There’s a spot in the Pacific Ocean that holds a special significance to anyone with a deep appreciation for the natural world, discovers Daniel Down.
If Charles Darwin hadn’t observed the unique wildlife of the Galápagos, namely its famous finches, and made deductions that helped him formulate his great theory of evolution by natural selection, we’d still be ambling around saying how incredible it is that all life was created 6000 years ago by an omnipotent being.
Besides making a scientific pilgrimage to the islands, you should go to see their otherworldly landscapes and abundant endemic wildlife.
To get there, catch a flight from the Ecuadorian capital Quito to Baltra Airport just off Santa Cruz; stay at Red Mangrove Eco Lodge in Puerto Ayora, for example, and organise a tour through the lodge, or book a cruise with transfers straight to your boat from the airport.
Incorporate just a few of the ideas into your itinerary to witness the great natural wonders of the Galápagos National Park, and indeed, the world.
El Chato – Giant Tortoise Reserve
You’ll need a guide to enter this part of the national park that’s been set aside for the Galápagos’ most iconic animal, the giant tortoise.
Weighing up to almost half a tonne these magnificent, ancient beasts do what they have been doing for millions of years in the wild, namely extending their long necks very slowly to nibble on grass; a captivating experience that you’ll take an unnecessary number of photos of.
Snorkel León Dormido
With 150-metre-high buttresses of rock rising out of the ocean, the sight of León Dormido alone is worth making the trip out to this remote spot off the coast of Isla de San Cristóbal. But you should also come to snorkel with eagle rays, hammerhead sharks and turtles.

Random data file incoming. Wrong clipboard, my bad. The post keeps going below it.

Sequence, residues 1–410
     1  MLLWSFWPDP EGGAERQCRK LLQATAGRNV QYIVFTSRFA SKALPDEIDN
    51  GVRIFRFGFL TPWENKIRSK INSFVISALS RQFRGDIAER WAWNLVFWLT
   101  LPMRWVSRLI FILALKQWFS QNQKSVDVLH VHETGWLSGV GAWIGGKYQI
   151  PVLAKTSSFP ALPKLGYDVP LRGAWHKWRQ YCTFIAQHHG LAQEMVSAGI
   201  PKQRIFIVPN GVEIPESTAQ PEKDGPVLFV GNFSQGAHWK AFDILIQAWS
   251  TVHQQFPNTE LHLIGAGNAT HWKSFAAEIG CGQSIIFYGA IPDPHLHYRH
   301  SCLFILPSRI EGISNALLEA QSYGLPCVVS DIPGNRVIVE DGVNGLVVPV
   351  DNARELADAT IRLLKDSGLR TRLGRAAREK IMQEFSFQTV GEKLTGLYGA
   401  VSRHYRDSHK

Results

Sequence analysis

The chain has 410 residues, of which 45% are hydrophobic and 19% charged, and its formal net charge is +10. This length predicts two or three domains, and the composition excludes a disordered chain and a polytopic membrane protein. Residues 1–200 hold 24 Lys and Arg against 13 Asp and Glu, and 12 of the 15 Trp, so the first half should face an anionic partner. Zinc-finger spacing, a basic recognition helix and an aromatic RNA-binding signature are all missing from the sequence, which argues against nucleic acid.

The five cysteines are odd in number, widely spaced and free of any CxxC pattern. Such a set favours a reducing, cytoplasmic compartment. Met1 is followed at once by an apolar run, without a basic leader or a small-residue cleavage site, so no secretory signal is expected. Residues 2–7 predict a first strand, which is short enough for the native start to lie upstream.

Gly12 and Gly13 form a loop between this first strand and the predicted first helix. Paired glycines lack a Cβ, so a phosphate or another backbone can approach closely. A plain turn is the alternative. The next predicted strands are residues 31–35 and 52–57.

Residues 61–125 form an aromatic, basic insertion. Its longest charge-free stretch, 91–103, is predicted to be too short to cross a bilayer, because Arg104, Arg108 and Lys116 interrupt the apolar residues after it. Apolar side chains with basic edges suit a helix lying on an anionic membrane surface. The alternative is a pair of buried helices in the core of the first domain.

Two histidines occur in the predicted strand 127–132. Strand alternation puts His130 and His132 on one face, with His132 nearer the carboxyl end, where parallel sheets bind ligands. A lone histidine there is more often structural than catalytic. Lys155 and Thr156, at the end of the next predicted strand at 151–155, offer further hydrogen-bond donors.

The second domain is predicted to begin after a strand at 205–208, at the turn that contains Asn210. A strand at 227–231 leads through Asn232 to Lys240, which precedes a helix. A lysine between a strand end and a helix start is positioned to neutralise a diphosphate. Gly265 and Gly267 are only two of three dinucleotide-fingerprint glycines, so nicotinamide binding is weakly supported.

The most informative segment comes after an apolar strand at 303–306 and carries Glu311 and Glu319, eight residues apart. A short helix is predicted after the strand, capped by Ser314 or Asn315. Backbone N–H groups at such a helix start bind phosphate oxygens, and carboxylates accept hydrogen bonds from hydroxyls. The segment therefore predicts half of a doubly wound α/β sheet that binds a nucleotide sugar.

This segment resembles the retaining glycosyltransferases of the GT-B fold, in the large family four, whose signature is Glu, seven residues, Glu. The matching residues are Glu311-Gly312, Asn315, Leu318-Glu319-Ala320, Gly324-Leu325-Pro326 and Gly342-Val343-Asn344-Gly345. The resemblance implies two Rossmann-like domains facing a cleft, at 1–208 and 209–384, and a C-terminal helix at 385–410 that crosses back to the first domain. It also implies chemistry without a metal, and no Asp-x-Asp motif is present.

Climb Volcán Alcedo
You feel like you could be on an alien planet on the slopes of Alcedo Volcano. Emerging from the heart of Isla Isabela, take a guided walk to see big groups of giant tortoises sitting in pools in a landscape of craters, ancient lava flows and fumaroles spewing hot sulphuric gases.
Puerto Egas / Las Tintoreras
The black igneous rock seems to come alive in another of the archipelago’s most famous sights: that of countless scaly black marine iguanas clinging to a surf-battered shoreline, warming up in the sun before swimming off to dive and graze on algae.
See this endemic lizard at Puerto Egas on Isla Santiago, or catch a boat out to Las Tintoreras (pictured above) off the coast of Puerto Villamil.
Some species of the iguana also sport red blotchy skin and the occasional dollop of turquoise.
On the central island of Santa Cruz you can hike along a paved, 2.4-kilometre path through the scrub to reach the pristine crescent of white sand at Tortuga Bay.
Here, marine iguanas patrol up and down the beach like miniature dinosaurs. While the main beach is closed for swimming, you can take a dip in a nearby cove, often with reef sharks.
They like naming things after the bearded Victorian here, and Darwin Lake in the shadow of the mighty Darwin Volcano, is a spectacular sight reached via a two-kilometre hike from the shore of Tagus Bay on Isla Isabela.
An old volcano caldera has created this near circular saltwater lagoon, only separated from the sea by a thin sliver of land.
The Charles Darwin Research Station
Scientists have been using this facility, at Puerto Ayora on Isla Santa Cruz, to study and conserve the islands’ unique biodiversity since 1964.
Pay a visit to get hands on with specimens and get up close to giant tortoises at the centre’s breeding program.